Which reminds me of the English expression: damn your eyes sir! Done. It’s hard to discern the difference between fish-eye photographs of the IS-F and the wee beastie in the flesh. (I half expected my high school headmaster to thrust his face in front of mine and ask “Are you sure you haven’t taken something?”) There isn’t a single viewing angle that makes the slightest bit of sense. The rear three-quarter is as close to handsome as this tuner-clad mutant gets, and that’s ruined by quad tailpipes designed by Salvator Dali.

Lower yourself into the supportive embrace of the IS-F’s Lexian leather and there’s much to admire. The oil dampened ash tray’s a hoot. And I love the feel of lacquered milled aluminum in the morning. Feels like… plastic. Only sexier. The IS-F boasts the world’s finest gauges: simple, legible and elegant. The tachometer is right where it should be (on the right). And what’s this hold-me touch-me steering wheel doing in a Lexus? Even stranger, the brand’s faultlessly boring buttons, knobs, dials and icons all seem somehow more purposeful when mounted so close to hand. There’s not a lot of head, leg, shoulder, arm or torso room in the back, but that’s someone else’s problem.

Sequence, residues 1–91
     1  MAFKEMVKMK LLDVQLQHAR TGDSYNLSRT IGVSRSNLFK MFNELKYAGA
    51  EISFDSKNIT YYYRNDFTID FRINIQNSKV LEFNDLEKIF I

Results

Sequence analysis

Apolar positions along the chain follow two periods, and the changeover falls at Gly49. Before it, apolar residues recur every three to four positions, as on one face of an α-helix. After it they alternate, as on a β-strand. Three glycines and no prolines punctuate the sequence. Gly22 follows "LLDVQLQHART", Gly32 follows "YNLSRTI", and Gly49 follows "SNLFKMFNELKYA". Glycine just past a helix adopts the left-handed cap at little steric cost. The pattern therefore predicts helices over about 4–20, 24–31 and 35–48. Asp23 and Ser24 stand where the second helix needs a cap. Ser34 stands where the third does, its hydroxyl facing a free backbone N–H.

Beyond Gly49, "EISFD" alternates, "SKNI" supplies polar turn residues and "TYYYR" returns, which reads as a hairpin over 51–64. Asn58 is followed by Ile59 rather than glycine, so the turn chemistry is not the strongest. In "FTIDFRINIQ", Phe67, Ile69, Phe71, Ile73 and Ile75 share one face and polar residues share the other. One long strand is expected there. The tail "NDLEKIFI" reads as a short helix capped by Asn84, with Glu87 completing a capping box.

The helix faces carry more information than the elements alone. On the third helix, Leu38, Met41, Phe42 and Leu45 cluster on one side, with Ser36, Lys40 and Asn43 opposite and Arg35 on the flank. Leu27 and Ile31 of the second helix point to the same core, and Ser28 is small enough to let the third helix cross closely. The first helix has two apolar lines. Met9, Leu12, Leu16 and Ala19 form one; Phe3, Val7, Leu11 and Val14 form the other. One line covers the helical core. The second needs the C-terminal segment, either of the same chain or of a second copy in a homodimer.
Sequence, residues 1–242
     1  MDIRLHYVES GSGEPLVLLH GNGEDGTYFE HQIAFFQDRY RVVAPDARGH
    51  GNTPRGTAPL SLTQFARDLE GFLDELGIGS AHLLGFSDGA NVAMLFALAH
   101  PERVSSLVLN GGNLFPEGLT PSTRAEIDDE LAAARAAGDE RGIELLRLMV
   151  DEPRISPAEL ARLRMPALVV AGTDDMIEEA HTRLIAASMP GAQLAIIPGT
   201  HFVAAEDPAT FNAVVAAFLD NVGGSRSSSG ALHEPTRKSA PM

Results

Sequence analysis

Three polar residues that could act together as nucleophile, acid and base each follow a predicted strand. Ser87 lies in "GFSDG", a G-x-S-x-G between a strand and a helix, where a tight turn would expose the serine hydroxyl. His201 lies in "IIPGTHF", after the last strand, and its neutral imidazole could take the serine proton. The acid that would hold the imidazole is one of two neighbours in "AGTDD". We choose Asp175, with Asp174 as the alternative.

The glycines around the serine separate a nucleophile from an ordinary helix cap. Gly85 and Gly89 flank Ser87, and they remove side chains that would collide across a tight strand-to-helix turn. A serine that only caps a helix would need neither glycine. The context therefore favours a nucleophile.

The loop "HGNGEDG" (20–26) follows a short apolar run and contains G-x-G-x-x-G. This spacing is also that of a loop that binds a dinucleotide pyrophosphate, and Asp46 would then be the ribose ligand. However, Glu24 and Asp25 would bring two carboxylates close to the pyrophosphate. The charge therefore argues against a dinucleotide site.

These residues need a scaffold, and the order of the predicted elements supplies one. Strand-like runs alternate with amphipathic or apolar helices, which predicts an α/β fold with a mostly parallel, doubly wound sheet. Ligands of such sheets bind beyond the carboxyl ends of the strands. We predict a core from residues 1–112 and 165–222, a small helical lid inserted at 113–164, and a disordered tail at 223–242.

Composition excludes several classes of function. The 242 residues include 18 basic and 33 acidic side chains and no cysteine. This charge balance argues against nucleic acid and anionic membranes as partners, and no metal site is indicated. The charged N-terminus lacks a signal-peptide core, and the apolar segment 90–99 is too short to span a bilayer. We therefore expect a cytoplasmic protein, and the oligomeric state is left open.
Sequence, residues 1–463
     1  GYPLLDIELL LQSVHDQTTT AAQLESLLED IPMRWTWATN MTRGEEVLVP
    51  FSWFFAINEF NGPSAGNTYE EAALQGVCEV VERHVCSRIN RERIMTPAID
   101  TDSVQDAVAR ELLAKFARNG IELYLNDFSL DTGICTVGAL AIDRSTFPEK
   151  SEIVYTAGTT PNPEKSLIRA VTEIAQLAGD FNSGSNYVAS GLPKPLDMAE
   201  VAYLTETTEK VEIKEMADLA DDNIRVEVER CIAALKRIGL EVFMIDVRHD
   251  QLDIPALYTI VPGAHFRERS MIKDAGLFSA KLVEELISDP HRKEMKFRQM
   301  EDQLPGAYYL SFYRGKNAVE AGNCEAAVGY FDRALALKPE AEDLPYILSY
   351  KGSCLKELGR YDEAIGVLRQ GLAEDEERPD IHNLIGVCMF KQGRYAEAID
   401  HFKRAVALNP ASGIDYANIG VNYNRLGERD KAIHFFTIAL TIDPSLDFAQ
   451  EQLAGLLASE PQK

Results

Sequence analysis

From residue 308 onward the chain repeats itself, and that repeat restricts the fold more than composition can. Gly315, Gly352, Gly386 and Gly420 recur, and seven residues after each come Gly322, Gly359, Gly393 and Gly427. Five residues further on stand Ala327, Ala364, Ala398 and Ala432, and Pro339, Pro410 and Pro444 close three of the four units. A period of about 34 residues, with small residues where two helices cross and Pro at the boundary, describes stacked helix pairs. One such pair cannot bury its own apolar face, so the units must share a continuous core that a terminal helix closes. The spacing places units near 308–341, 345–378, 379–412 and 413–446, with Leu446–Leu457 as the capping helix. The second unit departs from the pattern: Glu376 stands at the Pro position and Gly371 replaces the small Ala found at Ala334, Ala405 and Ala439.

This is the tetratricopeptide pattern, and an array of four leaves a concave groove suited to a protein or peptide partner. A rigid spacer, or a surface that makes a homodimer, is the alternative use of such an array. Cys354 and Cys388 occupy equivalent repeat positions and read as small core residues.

Stirring the IS-F’s Yamaha-fettled direct-injection 5.0-liter V8– the same engine that whooshes the LS 600hL’s occupants to the Sierra Club annual ball– rouses a pillow-smothered burble. The speedo and tacho’s white wands swing to clockwise and back in a two rapid, perfectly synchronized arcs. Toto, I have a feeling we’re not headed for the golf club. Or if we are, we’re going to get some serious driving range action before tee time. It’s my kind of cognitive dissonance.